by Search IT Channel on Wednesday, December 26, 2018
Master MSP companies have long been known for helping channel partners launch their managed services businesses by offering services to their end customers in areas where they lack expertise.
The master MSP business model, which began about 2002, offered channel partners services like a network operations center(NOC), help desk, and remote management and monitoring (RMM) software if they didn't want to host their own instance, said Charles Weaver, CEO of MSPAlliance, a managed services industry association based in Chapel Hill, N.C. Master MSPs also typically provided 24/7 service, he said.
In today's world of software as a service (SaaS) and cloud, just how relevant are master MSPs?
It depends on who you ask.
"[Master MSP companies] had a legitimate place in our professional history," Weaver said, but today, "it's a very different landscape, because there are not many master MSPs anymore. It's largely a business model that's becoming extinct.''
All ticketing platforms today offer hosted versions of their software, so there's no need for an MSP to maintain that, he added. And thanks to the cloud, there is no longer a need to offer the round-the-clock availability that MSPs felt pressured to offer in the early 2000s.
"There are more options in pricing and availability being offered by MSPs now to their customers as they have grown and matured," he added.
Master MSP model remains relevant
But Paul Dippell, founder and CEO of Service Leadership Inc., which benchmarks and publishes reports on IT solutions providers, said the master MSP model remains relevant. He said he expects it to become "increasingly relevant."
The master MSP model's value proposition of offering infrastructure so an MSP doesn't have to build their own is still useful, he said.
"It's possible an assumption has been that if I'm a solutions provider and I work with a master MSP that I will have a lower profit margin than if I build my own" infrastructure, said Dippell, who has three master MSP clients. He believes that assumption is false.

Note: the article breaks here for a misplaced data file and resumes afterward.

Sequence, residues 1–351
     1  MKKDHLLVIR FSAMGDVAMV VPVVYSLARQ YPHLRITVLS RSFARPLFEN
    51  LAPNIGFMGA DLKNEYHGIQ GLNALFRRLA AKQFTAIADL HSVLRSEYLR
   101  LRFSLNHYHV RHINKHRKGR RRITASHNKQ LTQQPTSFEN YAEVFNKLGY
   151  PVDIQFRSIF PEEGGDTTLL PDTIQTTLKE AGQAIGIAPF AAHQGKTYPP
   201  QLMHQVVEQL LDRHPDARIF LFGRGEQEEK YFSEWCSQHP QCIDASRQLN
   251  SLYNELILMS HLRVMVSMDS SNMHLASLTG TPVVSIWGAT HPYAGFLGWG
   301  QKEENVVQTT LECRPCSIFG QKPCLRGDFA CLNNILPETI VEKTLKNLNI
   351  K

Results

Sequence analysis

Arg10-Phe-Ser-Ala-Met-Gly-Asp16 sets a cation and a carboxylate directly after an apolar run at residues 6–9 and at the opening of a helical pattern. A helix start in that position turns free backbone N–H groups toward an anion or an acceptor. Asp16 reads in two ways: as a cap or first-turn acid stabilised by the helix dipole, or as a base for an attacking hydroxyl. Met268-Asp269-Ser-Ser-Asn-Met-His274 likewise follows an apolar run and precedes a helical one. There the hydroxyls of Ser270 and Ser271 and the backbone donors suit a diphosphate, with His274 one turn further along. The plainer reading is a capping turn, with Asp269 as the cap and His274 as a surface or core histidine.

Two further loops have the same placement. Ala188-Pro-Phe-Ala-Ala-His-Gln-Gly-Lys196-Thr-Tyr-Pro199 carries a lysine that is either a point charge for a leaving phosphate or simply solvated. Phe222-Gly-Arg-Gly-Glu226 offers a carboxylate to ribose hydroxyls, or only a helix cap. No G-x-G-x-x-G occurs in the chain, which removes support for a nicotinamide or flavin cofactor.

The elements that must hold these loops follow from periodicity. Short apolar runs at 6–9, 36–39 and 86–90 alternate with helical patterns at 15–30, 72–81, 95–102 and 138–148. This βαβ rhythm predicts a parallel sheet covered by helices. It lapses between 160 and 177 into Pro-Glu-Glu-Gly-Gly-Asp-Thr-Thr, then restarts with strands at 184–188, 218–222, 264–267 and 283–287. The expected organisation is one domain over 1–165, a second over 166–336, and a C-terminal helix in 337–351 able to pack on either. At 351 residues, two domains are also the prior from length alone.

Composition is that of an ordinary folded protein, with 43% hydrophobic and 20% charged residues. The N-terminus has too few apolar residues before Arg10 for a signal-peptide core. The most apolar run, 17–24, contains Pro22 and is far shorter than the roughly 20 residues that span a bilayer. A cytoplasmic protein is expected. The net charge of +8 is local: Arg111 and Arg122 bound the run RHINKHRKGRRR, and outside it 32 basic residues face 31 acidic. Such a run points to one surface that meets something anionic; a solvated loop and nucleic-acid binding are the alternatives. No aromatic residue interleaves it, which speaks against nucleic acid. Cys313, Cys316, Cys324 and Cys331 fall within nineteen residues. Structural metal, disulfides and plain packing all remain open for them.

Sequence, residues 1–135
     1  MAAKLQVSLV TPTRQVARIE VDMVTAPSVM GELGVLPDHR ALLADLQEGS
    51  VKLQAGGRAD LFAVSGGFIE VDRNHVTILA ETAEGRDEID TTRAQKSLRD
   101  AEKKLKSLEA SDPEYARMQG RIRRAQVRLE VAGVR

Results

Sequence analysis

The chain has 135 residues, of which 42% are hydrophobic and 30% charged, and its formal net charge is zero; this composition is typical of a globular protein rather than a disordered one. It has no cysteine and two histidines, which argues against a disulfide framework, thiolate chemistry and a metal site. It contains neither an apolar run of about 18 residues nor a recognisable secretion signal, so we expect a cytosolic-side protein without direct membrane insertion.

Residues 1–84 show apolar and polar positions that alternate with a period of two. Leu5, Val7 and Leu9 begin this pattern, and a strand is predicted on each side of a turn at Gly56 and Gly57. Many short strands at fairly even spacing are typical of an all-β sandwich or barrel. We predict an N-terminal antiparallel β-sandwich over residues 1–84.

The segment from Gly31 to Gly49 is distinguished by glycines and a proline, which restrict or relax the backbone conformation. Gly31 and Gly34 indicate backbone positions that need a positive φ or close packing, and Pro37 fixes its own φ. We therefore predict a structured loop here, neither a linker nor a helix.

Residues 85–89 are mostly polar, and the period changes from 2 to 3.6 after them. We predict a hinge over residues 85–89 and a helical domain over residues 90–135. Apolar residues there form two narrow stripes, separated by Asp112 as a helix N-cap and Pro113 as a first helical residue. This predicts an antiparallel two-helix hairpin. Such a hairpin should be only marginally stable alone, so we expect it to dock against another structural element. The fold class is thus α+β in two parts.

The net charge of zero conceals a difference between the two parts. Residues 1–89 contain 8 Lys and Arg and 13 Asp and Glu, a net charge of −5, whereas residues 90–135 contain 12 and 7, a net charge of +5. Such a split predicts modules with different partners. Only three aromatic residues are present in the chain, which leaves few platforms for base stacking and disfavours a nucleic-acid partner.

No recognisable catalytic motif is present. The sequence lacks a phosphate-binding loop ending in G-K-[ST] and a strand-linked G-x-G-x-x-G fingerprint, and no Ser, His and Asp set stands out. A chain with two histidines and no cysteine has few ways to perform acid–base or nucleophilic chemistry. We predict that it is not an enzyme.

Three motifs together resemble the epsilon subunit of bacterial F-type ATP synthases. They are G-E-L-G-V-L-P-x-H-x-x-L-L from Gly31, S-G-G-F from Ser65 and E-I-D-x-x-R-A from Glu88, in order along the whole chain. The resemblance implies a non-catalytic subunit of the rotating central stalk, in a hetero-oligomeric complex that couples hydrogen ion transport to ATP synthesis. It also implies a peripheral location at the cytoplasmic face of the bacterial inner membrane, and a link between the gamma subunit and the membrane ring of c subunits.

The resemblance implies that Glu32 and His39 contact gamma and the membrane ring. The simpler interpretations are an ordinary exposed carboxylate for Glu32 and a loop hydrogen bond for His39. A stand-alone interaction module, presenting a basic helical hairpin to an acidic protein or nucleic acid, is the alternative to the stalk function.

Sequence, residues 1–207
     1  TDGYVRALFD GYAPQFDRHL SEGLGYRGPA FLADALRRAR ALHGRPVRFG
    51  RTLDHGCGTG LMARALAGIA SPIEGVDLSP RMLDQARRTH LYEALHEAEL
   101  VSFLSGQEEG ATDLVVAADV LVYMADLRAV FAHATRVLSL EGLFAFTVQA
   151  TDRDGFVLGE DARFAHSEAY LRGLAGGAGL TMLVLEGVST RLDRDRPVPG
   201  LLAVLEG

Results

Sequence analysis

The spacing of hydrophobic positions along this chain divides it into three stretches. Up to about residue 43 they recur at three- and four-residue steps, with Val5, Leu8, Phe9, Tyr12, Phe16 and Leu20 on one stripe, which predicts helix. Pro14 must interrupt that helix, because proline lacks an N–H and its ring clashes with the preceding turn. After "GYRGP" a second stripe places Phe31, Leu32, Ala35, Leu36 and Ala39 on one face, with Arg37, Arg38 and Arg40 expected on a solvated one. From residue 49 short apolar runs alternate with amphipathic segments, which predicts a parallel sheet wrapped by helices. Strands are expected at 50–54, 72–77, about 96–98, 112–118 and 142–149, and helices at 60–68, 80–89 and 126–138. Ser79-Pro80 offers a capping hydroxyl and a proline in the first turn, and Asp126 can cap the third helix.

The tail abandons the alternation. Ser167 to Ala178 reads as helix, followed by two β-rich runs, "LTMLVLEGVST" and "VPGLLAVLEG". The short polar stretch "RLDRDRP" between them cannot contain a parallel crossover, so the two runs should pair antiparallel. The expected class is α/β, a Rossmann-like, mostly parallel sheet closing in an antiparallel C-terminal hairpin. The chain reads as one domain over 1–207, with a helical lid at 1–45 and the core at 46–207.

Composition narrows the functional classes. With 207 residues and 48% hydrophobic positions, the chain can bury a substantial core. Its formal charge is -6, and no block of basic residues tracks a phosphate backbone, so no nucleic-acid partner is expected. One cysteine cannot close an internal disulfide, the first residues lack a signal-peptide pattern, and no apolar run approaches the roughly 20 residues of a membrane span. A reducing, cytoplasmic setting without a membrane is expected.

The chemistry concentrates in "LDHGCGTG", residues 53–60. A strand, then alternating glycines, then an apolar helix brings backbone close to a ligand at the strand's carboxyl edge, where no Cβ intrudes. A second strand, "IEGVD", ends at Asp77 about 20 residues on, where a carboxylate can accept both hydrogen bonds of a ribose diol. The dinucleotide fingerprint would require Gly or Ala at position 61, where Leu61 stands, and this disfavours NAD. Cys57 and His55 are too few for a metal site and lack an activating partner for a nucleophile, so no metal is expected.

"I think it's possible, in some cases, that using a master MSP will result in greater profit and growth," he said. "We have data to suspect that's true in some cases," which he said is currently being modified and will be released in 2019.
Dippell said an example would be when an MSP expects to add more customers and win new contracts and so hires an additional technician in anticipation of that. But you'd need several contracts to cover the new hire's payroll and related expenses, he said. It takes the average MSP about one year to gain eight or nine new contracts to cover the expenses of that new technician, he said.
"So I'm trying to grow my company and not go out of business and get eight or nine contracts, and I take a big risk and hire a new guy and pray I can close all those deals," he said. "For that whole year, I've trashed my profitability." If you use a master MSP, you can conceivably reduce your labor costs because you don't have a help desk or service center, he said.
"I only pay [the master MSP] based on the exact number of customers I have. So I just pay them a little more every time I get a new contract. That's an example of how using a master MSP could be more profitable."
Another reason for the increasing relevance, he said, is that it is very hard to find talented IT people. If you use a master MSP, you don't have to worry about hiring or managing new staff.
He added that "the research and development requirements to be an MSP continue to escalate -- meaning, I have to come up with increasingly complicated solutions in an increasingly complicated environment around cloud and other areas. And that research and development expense is expanding. If I use a master MSP, I use less research and development."
Yet, one of the negatives to using a master MSP is that they don't offer anything that differentiates themselves from others. "I suspect that's partially true," he said, "but ... I still own the account management and field service relationships and the virtual CIO [vCIO] relationship."
Approaches to using master MSPs